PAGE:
Monday, December 17, 2018
'Paralleles of Cosi and Cosi Fan Tutte Essay\r'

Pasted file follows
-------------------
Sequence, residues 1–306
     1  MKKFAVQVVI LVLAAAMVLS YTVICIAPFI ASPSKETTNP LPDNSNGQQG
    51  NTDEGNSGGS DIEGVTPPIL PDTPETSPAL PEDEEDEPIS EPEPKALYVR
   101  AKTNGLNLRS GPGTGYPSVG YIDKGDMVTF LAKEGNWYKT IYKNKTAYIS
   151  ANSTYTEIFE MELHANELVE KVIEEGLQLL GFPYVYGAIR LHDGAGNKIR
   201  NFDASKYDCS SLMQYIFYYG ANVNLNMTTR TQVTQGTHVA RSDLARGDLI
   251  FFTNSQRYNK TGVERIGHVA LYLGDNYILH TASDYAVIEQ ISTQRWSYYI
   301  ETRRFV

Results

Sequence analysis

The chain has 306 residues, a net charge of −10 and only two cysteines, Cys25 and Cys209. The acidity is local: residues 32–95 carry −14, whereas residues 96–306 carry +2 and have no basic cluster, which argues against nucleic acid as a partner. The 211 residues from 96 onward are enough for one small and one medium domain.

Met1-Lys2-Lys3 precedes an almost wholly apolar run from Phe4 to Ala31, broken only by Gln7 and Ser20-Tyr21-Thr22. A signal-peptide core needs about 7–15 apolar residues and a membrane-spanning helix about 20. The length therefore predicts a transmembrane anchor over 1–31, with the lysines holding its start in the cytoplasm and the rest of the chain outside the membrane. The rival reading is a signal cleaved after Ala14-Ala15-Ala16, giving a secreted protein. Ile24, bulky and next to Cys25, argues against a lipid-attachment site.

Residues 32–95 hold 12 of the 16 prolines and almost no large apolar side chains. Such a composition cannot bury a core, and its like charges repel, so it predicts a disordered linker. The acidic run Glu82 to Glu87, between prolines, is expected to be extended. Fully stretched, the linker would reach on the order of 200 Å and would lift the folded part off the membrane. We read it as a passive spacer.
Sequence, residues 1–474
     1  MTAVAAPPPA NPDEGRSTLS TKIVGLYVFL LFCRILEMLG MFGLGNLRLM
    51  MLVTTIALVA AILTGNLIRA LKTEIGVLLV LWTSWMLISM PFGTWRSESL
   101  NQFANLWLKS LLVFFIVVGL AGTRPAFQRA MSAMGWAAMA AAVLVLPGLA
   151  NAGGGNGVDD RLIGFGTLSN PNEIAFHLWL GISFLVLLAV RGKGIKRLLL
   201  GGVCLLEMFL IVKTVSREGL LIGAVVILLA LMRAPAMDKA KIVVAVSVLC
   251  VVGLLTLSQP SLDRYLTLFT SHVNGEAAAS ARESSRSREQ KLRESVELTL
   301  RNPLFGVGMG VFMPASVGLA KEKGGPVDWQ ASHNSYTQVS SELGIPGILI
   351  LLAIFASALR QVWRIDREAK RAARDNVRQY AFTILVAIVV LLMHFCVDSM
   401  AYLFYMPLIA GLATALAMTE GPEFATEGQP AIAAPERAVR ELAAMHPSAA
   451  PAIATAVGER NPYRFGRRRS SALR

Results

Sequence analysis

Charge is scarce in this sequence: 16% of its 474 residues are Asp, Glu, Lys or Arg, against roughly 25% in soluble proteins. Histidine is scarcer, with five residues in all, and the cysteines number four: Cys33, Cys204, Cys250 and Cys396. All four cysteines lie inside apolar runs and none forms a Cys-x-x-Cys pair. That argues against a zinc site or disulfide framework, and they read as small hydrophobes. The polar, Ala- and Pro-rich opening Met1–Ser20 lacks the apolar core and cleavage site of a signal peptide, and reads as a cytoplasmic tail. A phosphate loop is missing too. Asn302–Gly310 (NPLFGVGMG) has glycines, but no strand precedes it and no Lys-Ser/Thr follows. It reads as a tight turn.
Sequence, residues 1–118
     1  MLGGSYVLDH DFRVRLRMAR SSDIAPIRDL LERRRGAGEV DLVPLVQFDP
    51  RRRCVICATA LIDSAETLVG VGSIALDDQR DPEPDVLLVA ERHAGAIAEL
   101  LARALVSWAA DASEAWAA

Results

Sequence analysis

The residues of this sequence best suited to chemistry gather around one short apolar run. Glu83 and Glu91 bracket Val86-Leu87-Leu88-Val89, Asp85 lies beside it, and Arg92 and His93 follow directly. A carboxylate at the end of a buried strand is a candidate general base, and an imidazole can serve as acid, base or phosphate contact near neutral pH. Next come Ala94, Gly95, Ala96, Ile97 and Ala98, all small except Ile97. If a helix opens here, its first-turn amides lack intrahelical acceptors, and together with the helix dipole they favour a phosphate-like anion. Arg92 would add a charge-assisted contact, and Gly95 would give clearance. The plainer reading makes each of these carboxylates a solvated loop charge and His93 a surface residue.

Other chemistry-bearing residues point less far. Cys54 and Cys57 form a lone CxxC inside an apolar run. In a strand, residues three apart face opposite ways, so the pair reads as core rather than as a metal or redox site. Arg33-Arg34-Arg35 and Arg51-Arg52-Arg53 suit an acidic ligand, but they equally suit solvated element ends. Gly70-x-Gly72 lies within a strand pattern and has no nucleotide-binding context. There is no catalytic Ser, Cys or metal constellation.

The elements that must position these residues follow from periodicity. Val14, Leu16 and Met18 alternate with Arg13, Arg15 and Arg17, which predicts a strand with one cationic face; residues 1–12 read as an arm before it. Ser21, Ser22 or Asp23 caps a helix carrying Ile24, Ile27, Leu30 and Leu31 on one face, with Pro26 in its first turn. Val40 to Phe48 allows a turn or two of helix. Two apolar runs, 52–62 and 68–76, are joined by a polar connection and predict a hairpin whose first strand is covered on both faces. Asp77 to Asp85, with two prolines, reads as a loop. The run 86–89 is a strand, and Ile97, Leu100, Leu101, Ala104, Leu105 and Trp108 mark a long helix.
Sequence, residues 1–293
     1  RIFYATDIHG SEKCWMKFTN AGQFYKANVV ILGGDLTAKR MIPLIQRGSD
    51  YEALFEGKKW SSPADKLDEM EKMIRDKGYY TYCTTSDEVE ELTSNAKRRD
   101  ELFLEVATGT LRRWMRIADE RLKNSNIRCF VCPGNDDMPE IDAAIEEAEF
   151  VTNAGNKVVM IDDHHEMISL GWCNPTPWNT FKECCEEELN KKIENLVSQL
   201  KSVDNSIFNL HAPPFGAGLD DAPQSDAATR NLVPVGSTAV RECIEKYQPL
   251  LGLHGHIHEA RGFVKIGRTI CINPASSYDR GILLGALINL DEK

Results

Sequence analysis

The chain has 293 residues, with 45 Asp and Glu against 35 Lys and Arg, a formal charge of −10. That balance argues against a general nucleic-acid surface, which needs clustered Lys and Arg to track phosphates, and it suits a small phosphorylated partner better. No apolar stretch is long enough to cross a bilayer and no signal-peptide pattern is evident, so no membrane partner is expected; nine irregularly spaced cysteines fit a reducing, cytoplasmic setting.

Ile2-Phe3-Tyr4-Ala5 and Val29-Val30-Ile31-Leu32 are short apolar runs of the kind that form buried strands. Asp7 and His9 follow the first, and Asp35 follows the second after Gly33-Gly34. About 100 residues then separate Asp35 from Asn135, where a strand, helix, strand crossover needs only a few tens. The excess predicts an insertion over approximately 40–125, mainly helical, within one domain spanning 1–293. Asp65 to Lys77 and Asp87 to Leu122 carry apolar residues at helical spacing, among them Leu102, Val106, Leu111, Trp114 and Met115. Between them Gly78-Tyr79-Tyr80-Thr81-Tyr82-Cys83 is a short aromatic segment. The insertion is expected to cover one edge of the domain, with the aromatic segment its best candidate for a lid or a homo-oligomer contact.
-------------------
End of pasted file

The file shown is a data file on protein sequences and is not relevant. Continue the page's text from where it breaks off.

'Cosi by Louis Nowra and Cosi caramel brown Tutte by Wolfgang Amadeus Mozart atomic number 18 set in double-dyed(a)ly different times simply some(prenominal)(prenominal) themes of the play double each other. Cosi was set in 1970Ã¢â¬â¢s society whilst Cosi Fan Tutte was set in 1790. Cosi Fan Tutte is play about come and faithfulness which parallels with what happens in Cosi. On the surface they are parallel because Lucy is treasonous to Lewis when they are in a relationship together just as the wo hands were in Cosi Fan Tutte. But it is much more than that. To really ensure the parallels of the plays we mustiness look at have sex and fidelity in depth. What really is love? What is demonstrated throughout both plays is that pile have double standards towards love. In the Cosi we see free love and characters that believe in free love such as Lucy, scratch and Doug. ingenuous love is the belief of having sexual relations according to choice, without being restricted by uniting or long-term relationships.\r\nThey believe in exemption in doing whatever you want but this is the complete opposite of how they treat the work forcetally ill. They treat them with not dignity that makes them restricted to being behind walls of an asylum. Free love is about freedom yet they are confined to their ward like traditional spousals because people fear them. This is not the definition of love. Louis Nowra wants us to love each other and not stereotyping people by giving labels to people that we fear but instead showing respect and compassion. That is what true love is. In Cosi Fan Tutte we see two men rill the love and fidelity of their girlfriends. This displays the double standards that men have on love. They believe that is alright to for them to test love. Mozart tells us that love needs to be compeer that one side canÃ¢â¬â¢t unfaithful and that is alright. Mozart is trying to make us question what love is, like Louis Nowra did in Cosi. For there to be l ove, it must be equal and this is the key theme from both plays.\r\n'